St Louis November 16, 2011 3 City Place Dr., Suite 1100,St. Louis, MO 63141
Kansas City November 17, 2011 10801 Mastin Blvd., Suite 620,Overland Park, KS 66210
Minneapolis November 3, 2011 8300 Norman Center Dr., Suite 950Bloomington, MN 55437
Southfield November 4, 2011 1000 Town Center Dr., Suite 1930Southfield, MI 48075
Omaha November 8, 2011 One Valmont Plaza, Suite 201Omaha NE 68154
Des Moines November 9, 2011 4601 Westtown Parkway, Suite 136West Des Moines, IA 50266
Milwaukee December 6, 2011 N19 W24133 Riverwood Dr., Suite 150 Waukesha, WI 53188

imageNo significant articles today.

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Other Cloud Computing Platforms and Services

Matthew Weinberger (@M_Wein) reported Google [Describes] App Engine Premier, Storage for Cloud ISVs in a 10/12/2011 post to the TalkinCloud blog:

imageGoogle is keeping its cloud infrastructure momentum going with a gaggle of announcements designed to increase its appeal to cloud ISVs, systems integrators and larger enterprises. That includes the launch of Google App Engine Premier accounts, the full release of Google Cloud Storage (formerly Google Storage for Developers) and the Google Prediction API leaving beta.

Each individual announcement is actually fairly simple, so it’s no wonder that Google rolled it all into one big official blog entry. Here’s the breakdown, in convenient bullet point form:

  • imageGoogle App Engine Premier Accounts give developers and integrators priority support, a 99.95 percent uptime SLA, and the ability to deploy unlimited apps on Google’s PaaS solution, all for $500 a month.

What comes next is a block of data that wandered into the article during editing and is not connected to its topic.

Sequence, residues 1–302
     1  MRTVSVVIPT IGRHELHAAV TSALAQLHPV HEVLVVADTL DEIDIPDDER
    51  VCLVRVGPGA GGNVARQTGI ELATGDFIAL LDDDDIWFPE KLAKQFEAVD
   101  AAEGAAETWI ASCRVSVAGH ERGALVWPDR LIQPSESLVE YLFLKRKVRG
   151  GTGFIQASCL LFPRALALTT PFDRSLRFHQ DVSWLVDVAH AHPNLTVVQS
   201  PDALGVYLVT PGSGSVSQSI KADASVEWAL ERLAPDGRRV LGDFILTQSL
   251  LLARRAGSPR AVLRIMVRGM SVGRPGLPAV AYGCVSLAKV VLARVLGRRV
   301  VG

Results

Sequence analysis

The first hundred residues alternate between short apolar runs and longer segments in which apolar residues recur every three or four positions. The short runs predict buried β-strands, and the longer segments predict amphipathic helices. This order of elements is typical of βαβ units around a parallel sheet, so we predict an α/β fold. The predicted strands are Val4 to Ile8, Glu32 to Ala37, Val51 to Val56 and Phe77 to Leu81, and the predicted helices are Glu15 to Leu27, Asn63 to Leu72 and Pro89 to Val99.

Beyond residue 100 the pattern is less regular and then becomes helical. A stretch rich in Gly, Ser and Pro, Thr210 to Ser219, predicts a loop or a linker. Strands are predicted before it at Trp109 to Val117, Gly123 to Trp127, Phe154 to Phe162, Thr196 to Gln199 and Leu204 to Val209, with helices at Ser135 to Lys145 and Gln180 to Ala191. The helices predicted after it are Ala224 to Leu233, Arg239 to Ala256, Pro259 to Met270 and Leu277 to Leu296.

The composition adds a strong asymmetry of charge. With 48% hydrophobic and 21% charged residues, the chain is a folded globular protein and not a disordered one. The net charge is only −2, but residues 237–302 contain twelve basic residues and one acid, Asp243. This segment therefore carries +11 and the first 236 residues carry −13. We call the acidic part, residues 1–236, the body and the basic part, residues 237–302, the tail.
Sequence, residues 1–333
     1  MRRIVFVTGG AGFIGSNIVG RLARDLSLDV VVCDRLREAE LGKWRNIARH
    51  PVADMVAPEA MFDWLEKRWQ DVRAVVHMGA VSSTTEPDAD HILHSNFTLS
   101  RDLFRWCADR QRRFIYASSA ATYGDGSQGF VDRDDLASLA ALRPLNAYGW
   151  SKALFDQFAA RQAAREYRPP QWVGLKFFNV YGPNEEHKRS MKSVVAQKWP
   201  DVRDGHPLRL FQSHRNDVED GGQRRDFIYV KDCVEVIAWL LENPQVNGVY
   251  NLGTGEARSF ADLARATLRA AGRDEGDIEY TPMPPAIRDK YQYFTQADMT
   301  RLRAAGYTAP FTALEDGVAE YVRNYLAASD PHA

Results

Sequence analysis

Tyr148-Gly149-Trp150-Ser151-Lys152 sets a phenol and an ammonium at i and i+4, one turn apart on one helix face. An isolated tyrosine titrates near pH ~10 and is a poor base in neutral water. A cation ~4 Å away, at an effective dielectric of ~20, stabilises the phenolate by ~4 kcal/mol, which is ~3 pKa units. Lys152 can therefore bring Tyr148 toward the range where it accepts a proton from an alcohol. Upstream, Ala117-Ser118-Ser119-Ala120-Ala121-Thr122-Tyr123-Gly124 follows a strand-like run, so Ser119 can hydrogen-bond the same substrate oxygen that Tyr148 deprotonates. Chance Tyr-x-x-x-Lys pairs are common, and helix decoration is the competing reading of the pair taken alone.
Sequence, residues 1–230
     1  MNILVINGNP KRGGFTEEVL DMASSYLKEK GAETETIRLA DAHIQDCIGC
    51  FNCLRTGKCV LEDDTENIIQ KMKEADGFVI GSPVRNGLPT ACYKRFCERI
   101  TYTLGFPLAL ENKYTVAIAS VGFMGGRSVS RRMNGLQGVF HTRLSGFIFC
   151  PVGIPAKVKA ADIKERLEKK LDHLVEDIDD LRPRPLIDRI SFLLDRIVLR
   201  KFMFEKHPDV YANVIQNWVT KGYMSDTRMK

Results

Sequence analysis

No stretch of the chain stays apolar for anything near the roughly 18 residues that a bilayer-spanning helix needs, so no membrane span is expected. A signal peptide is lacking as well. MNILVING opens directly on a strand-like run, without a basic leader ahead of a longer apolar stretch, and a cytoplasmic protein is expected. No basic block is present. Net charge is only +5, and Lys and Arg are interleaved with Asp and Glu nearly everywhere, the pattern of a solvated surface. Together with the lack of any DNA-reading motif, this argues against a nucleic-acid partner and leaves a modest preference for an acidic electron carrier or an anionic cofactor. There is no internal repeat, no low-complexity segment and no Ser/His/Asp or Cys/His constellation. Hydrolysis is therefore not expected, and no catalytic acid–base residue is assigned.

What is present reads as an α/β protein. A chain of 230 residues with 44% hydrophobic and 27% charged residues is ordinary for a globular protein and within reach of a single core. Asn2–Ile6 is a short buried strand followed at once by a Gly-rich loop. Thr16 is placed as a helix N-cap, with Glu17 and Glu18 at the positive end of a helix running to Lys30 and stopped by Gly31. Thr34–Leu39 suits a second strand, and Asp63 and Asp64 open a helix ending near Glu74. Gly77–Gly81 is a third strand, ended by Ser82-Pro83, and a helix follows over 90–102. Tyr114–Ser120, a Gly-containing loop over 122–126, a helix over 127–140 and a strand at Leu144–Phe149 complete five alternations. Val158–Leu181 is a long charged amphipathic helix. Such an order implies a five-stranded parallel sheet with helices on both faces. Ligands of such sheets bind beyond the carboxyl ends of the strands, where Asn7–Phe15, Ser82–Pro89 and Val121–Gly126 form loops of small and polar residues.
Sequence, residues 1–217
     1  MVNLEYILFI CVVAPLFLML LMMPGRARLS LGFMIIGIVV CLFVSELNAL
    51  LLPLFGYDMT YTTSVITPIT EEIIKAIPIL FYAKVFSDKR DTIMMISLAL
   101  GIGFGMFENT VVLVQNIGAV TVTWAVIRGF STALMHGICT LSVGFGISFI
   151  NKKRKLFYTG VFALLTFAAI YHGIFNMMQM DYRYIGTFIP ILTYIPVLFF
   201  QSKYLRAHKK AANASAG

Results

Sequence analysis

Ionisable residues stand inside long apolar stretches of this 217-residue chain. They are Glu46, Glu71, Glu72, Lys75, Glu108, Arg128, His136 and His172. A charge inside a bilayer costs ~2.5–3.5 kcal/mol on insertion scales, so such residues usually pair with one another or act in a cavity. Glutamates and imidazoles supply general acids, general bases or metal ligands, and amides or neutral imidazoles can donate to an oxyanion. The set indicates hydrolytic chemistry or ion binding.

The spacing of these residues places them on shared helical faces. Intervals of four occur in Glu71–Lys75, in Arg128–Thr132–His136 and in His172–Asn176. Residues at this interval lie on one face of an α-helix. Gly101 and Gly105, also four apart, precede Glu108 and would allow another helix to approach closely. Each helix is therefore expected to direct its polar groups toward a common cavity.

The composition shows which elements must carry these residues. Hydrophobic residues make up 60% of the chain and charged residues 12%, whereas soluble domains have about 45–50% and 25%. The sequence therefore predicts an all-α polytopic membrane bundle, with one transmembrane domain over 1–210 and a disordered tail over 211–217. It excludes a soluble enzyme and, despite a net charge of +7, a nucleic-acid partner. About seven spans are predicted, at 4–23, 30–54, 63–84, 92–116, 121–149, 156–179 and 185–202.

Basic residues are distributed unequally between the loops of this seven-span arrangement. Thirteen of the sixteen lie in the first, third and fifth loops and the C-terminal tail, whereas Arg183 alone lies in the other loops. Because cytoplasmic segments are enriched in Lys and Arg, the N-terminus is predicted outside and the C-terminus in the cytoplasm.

• Google Storage for Developers has left Google Labs with the new name of Google Cloud Storage, and with that change comes with a new file read/write API and detailed storage analytics.
  • Additionally, Google Cloud Storage is lowering bandwidth and storage charges, with volume discounts for larger customers and the complete elimination of data ingress fees, bringing it in line with Microsoft Windows Azure and Amazon Web Services. According to Google, depending on their plan customers may see a monthly bill decrease of up to 40 percent.
  • The Google Prediction API has left Google Code Labs, letting developers build smarter apps that can make extremely educated guesses as to the future of data sets. With the full release, the Google Prediction API gets PMML v4.01 support and data anomaly detection.

imageThe blog entry also contains a shout-out to Google Cloud SQL, the search giant’s new cloud database service for App Engine applications. I said it before, and I’ve said it again: Google is fast-tracking its enterprise and developer plays with these cloud infrastructure enhancements, and TalkinCloud will be keeping it under the microscope to see how it pays off for Google Apps Authorized Resellers and ISVs.

Read More About This Topic

Jeff Barr (@jeffbarr) announced the capability to Launch EC2 Spot Instances in a Virtual Private Cloud in a 10/11/2011 post:

imageOver the past two months, we have had the opportunity to share several exciting developments regarding Spot Instances. We have told you how to Run Amazon Elastic MapReduce on EC2 Spot Instances, we published Four New Amazon EC2 Spot Instance Videos, and we outlined the excitement around Scientific Computing with EC2 Spot Instances. Others in the community have also shared their experiences with Spot Instances. You may have read about Cycle Computing running a 30,000 core molecular modeling workload on Spot for $1279/hour or Harvard Medical School moving some of their workload to Spot after a day of engineering, saving roughly 50% in cost.

imageIn typical Amazon fashion, we like to keep the momentum going. We've combined two popular AWS features, Amazon EC2 Spot Instances and the Amazon Virtual Private Cloud (Amazon VPC). You can now create a private, isolated section of the AWS cloud and make requests for Spot Instances to be launched within it. With this new feature, you get the flexibility and cost benefits of Spot Instances along with the control and advanced security options of the VPC.